Project Update: NICFEC Now the Tierra Verde Climate Change Adaptation Center!

by Gemara Gifford, International Director

Since our last update in June, we have been very busy working on the Nicaraguan Center for Forests, Energy & Climate (NICFEC) with our partners at PROLEÑA. Not only have we been working on the buildings, but a new name as well! The Nicaraguan Center for Forests, Energy & Climate will now be the Tierra Verde Climate Change Adaptation Center. Set in one of the driest and most threatened ecosystems on earth, the Pacific Dry Corridor, the Tierra Verde Center is a new regional climate change training facility where diverse stakeholders share knowledge, skills, and strategies in sustainable agriculture, forestry, fuel-efficient technologies, watershed management, soil remediation, and more. Over the last four months, we have nearly completed the dormitory where people from all across the world will be able to be housed to share knowledge on climate change mitigation and adaptation.

NICFEC Dorm
The dormitory for the Tierra Verde Center is nearly complete. It will house visitors while they learn about climate adaptation in Central America.

We have also recently established two tree nurseries at the back of the site, which will soon house 50,000-100,000 native trees for use in reforestation, agroforestry, and fuel-lot projects. Like everything on site, the nurseries will serve as a demonstration. Farmers will be able to see, feel, and touch a tree nursery planted with species that can survive well in the arid climate, as well as learn how to market the products grown from the trees, i.e., fuelwood, poles for construction, fruits and nuts.

NICFEC Tree Nursery
These seedlings growing in the Tierra Verde Center tree nursery will be used for demonstrations.

Perhaps the most exciting achievement was that we hosted our first event at the Tierra Verde Center site since we began construction! While we wish it were under different circumstances, we were able to hold a tree planting ceremony in honor of our dear friend, Lucas Wolf, with a majestic Ceiba tree in his honor. Over 30 people were in attendance from all across the country, many locals and colleagues whom Lucas built relationships with over the past three years in Nicaragua. Lucas was TWP’s International Director, and a dear friend, who passed away suddenly this July while traveling in Cuba.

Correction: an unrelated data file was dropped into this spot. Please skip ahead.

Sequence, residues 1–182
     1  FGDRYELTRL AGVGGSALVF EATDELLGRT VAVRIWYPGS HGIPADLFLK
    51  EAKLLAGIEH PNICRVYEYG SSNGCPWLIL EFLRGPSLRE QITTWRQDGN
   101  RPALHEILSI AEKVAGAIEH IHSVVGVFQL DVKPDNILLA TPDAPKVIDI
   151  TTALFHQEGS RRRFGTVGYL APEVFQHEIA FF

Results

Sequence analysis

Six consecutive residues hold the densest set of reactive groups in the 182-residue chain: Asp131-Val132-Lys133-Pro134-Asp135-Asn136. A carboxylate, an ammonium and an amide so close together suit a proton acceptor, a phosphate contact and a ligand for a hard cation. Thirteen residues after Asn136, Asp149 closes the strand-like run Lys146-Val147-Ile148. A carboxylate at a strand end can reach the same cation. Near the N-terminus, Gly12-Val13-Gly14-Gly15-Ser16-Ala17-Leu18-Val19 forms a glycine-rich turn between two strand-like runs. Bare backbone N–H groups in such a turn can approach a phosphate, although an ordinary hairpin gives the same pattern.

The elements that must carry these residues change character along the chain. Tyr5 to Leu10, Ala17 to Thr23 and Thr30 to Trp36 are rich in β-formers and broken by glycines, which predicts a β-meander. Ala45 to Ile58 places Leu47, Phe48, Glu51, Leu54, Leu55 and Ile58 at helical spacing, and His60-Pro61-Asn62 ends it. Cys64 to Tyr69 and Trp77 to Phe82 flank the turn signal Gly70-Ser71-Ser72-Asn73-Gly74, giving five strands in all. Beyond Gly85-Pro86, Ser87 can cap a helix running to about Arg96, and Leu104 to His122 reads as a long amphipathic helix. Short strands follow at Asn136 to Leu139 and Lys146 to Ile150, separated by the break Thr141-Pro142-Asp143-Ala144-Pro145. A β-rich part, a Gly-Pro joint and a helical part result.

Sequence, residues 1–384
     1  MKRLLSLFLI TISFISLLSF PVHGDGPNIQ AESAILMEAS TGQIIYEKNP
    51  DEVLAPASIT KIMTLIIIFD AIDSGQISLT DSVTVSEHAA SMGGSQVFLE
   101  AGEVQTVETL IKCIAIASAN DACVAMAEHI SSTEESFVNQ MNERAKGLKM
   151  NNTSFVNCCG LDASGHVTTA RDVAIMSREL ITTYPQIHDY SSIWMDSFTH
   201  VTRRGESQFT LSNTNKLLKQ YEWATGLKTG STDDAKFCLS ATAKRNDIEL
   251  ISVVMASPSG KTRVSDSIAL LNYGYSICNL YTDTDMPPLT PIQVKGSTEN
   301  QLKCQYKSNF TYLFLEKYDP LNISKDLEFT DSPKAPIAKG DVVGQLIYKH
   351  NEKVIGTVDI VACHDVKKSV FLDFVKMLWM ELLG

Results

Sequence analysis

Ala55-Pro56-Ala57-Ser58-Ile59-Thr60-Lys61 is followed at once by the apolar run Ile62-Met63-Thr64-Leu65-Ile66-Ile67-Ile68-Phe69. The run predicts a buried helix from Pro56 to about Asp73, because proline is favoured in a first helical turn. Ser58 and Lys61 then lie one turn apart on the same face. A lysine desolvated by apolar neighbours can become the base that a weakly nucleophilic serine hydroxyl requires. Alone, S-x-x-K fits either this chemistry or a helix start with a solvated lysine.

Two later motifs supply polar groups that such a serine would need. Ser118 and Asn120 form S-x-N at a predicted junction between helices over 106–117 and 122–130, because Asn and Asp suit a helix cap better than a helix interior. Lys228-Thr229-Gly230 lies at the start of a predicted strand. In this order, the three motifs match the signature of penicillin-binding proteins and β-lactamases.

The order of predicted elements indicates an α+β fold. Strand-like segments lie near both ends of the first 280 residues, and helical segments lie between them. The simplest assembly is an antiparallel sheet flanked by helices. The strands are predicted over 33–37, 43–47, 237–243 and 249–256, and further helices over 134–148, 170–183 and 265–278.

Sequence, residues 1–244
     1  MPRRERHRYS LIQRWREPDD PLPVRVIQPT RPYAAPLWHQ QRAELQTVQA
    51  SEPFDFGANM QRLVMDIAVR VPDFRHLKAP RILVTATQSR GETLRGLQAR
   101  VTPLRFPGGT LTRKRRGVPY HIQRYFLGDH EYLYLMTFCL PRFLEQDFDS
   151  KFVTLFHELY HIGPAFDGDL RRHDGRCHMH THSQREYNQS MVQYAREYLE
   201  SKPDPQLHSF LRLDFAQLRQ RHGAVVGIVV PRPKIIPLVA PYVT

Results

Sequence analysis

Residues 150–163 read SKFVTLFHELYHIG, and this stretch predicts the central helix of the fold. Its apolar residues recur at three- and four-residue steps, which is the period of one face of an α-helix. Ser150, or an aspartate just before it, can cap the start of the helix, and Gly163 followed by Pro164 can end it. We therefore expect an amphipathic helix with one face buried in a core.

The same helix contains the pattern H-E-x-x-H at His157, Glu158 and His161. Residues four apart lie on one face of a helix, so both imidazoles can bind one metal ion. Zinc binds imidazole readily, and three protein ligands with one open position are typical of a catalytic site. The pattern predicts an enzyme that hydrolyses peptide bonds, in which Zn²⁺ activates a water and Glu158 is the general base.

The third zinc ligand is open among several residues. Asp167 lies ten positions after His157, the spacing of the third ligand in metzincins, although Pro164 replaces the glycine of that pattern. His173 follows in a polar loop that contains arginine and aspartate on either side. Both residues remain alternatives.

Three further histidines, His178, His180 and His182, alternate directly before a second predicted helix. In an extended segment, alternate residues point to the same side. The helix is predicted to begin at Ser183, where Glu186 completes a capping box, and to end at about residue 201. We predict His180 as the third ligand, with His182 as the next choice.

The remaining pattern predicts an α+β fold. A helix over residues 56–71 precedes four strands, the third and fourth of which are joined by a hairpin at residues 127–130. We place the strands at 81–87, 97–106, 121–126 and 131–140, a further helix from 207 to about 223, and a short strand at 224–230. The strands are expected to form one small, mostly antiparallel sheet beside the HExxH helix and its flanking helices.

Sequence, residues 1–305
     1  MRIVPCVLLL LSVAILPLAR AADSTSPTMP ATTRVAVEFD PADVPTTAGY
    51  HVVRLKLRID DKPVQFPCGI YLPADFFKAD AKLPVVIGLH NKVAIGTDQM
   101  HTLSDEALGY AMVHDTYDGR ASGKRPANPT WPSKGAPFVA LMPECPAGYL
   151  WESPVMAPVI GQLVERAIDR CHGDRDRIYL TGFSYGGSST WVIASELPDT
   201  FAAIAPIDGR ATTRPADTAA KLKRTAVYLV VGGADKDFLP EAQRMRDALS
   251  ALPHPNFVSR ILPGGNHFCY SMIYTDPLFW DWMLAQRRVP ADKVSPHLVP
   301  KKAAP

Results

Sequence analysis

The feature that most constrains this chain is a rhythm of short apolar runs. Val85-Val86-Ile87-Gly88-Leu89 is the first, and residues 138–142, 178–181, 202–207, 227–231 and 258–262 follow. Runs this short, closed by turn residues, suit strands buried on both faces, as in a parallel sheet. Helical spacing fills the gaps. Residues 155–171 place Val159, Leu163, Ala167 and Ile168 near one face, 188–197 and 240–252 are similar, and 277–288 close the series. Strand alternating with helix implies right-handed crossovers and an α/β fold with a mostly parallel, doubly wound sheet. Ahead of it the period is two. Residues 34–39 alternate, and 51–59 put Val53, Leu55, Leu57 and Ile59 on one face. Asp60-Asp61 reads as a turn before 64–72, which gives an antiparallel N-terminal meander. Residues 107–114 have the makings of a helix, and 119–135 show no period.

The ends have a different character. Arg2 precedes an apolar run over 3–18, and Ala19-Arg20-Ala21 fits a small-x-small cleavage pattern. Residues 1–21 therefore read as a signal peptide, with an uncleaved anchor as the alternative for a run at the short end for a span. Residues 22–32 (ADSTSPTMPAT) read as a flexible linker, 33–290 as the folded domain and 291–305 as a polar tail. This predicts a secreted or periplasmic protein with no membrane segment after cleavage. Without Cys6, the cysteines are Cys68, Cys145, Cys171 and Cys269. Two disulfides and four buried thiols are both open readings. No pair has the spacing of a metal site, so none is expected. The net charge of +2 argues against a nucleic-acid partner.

Lucas' Tree Planting at NICFEC
In honor of Lucas’ birthday, we held a tree planting ceremony at the new the Tierra Verde Center site.

Upon completion in 2018, the Tierra Verde Center will feature live classrooms, workspaces, demonstration gardens, and private cabanas where local and international visitors — from smallholder farmer to high-level decision-maker — can both learn about and participate in climate change adaptation education in the Pacific Dry Corridor. On display will be a variety of demonstrative solutions including clean cookstove designs, fuel-efficient kilns and ovens, solar energy systems, green charcoal technologies, and agroforestry plots that reveal relevant strategies for climate change resilience, especially for local smallholder farmers. We expect to launch programming and tours in 2018!

If you are interested in traveling to Nicaragua with us, or any of our program countries, please sign up for our email list for upcoming trips.

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Welcome to Our New Development Director, Annalise Mecham!

by Annalise Mecham, Development Director

IMG_7505I come to Trees, Water & People as an East coast transplant, having spent a majority of my life living in Virginia and all over New England. After living on Cape Cod for the past 12 years, my husband and I were ready for a bigger town, more opportunities, and better winters! After extensive research, we decided to relocate to Fort Collins and a few weeks ago packed up our two young boys, put our house on the market, and drove cross country (U-Haul and all!). So far, it has been one of the best decisions of my life.

One of the most exciting parts of this move has been my new job as Development Director at Trees, Water & People. I discovered TWP a year ago when I was researching nonprofits in the Fort Collins area. I was immediately intrigued by its mission of improving communities through the care and management of their natural resources. My grandparents were supporters and actively involved with the American Indian College Fund, so I was happy to see TWP’s work with Tribal communities. I was beyond excited to see their job posting this fall for a Development Director. I think I was the first to apply!

I have been working in nonprofit development for the past eight years, receiving my M.S. from Boston University in nonprofit management in 2011. I received my undergraduate degree in Environmental Education and had the honor of taking a year to explore the United States with the Expedition Education Institute, a traveling college that teaches ecological leadership through experiential experiences. It was a year that changed my life and the way I approach people, communities and the environment. I have a strong belief that the health of a community is directly affected by how they protect and preserve their local ecosystem.